Posted on March 1, 2022 By Rabbi Yisroel Belsky ztl | Series: | Level:


I work for a large company that has a company telephone directory. A friend who works for a Jewish outreach organization asked me for a copy of the directory so he could call the employees with Jewish names to find out if they would be interested in receiving a weekly fax on the Torah portion of the week. The telephone directory says ‘internal use only’. Am I allowed to give or lend him a copy of the directory?



I feel that this cannot be done. The only leniency one could suggest is that the company might approve if it were being done l’shem shomayim (for the sake of Heaven), and if there is some guarantee that the list will not fall into a competitor’s hands. But such guarantees do not exist. Companies don’t want the information that they gathered, after spending money and effort, to get into someone else’s hands, even if it is l’shem shomayim. A great percentage of the time — I’m not going to venture a guess as to how often — when something is taken l’shem shomayim, the company ends up with a lot of trouble, and it us used by competitors, and all sorts of troublesome things happen. This definitely should not be done without permission. It is something one should be very strict about.



The warranty for a telephone I once bought says that the phone is guaranteed for normal use. If my child threw the phone into the bathtub and the phone stopped working, can I return it anyway, without telling them how it broke?


This question shouldn’t be asked. Of course not. If you told the company how it broke and they’re kind enough to compensate you, then fine. The warranty is for reasonable use of the product, and it is not covered if a person bangs it and breaks it apart, or even if his child throws it into the bathtub. There are companies that specifically may make such warranties. That might really be a good sales pitch — that the product will be returned even if it breaks because you ripped it apart. Such companies know that not many people will come and take them up on their warranty. But if the warranty isn’t of that nature, making a claim that it broke and suggesting that it broke under normal circumstances when that isn’t true, is out-and-out thievery.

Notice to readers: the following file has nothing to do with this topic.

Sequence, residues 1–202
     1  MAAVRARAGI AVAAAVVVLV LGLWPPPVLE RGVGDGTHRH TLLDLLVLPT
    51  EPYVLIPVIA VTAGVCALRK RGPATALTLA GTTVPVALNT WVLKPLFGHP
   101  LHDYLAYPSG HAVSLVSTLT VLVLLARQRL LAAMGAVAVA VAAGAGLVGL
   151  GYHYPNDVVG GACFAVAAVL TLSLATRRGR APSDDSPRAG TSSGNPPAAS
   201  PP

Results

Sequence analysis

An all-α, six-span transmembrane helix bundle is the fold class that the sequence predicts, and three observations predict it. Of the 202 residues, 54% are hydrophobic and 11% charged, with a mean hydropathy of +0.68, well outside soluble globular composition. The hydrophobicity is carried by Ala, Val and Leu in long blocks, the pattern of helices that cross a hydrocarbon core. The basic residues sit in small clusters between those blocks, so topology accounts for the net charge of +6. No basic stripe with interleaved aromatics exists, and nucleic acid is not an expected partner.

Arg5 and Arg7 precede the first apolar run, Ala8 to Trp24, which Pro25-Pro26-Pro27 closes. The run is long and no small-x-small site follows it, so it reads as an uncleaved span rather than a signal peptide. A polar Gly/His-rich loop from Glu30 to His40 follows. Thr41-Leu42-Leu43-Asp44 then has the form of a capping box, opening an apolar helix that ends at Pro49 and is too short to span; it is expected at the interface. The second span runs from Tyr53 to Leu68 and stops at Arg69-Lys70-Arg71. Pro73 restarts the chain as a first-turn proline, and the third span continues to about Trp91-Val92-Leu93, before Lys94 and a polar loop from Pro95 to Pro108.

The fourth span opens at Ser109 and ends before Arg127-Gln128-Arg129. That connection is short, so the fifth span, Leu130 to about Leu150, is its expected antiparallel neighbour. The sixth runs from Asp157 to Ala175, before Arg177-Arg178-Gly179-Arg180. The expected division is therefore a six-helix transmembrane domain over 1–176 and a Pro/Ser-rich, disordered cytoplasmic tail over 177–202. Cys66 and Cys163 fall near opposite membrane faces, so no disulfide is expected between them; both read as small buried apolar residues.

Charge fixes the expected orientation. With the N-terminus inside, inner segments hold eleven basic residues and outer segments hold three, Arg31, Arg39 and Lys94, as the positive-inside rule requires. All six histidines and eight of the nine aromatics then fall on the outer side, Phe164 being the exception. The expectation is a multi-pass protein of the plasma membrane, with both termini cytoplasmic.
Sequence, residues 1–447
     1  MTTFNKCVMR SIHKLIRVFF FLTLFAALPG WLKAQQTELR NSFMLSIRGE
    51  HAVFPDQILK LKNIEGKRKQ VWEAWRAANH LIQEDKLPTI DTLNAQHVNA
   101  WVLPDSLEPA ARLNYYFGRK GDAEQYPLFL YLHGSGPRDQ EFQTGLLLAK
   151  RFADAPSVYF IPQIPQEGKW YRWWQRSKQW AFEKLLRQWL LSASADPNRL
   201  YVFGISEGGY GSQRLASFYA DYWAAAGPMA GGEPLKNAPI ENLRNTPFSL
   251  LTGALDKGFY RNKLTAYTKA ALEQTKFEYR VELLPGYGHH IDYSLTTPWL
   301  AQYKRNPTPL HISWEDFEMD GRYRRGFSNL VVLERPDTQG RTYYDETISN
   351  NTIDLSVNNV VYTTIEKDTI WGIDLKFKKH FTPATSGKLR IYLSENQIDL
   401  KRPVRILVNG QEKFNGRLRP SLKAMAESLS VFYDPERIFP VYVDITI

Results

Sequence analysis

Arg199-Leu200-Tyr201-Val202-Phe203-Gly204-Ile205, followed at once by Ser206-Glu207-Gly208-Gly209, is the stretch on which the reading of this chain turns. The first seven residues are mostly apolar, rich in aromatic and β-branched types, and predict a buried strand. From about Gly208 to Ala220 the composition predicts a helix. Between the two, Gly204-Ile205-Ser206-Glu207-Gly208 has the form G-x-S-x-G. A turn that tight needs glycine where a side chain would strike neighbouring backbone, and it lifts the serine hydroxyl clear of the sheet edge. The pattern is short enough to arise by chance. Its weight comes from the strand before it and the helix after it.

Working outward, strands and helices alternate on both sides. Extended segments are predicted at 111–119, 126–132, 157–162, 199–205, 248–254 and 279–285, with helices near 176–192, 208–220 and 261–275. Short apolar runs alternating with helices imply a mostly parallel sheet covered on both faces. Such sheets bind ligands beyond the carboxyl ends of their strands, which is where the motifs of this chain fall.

What if you call them up and say, “it stopped working,” and they don’t ask you why? Do you have to volunteer the information?


Yes. Saying “it stopped working” is not sufficient, because it conveys an untrue message.


A person takes out a video tape from the library for his kids to watch Sunday afternoon. The rule used to be that if it was taken out Friday, it could be returned Monday. Last Friday, when he took out the video, there was a sign saying that the videos had to be returned Sunday, which is hard because the library closes at 5PM on Sunday. He objected, saying that it discriminates against the Orthodox who can’t use it Shabbos, but the librarian said they didn’t know why the rule was changed. He couldn’t get back on Sunday in time, but when he came in on Monday, he realized he could do the following: he could put the video down on the desk, and walk away, in a sense acting as though he didn’t know about the new rule. Then when the person said there was a new rule, he could look somewhat surprised. Then the librarian might say ‘Forget about it this time, it looks as though you don’t know about the new rule yet.’ Is doing such a thing “genavas das” (deception)?



One of the library rules is that a book can’t be taken out again by the person who just returned it. When a book is returned, the librarian puts it on a cart to be returned to the shelves. If I return a book that I want to take out again, and the cart is it is on is in the public area, can I go over ten minutes later to this cart, and pick out the same book and take it out again?

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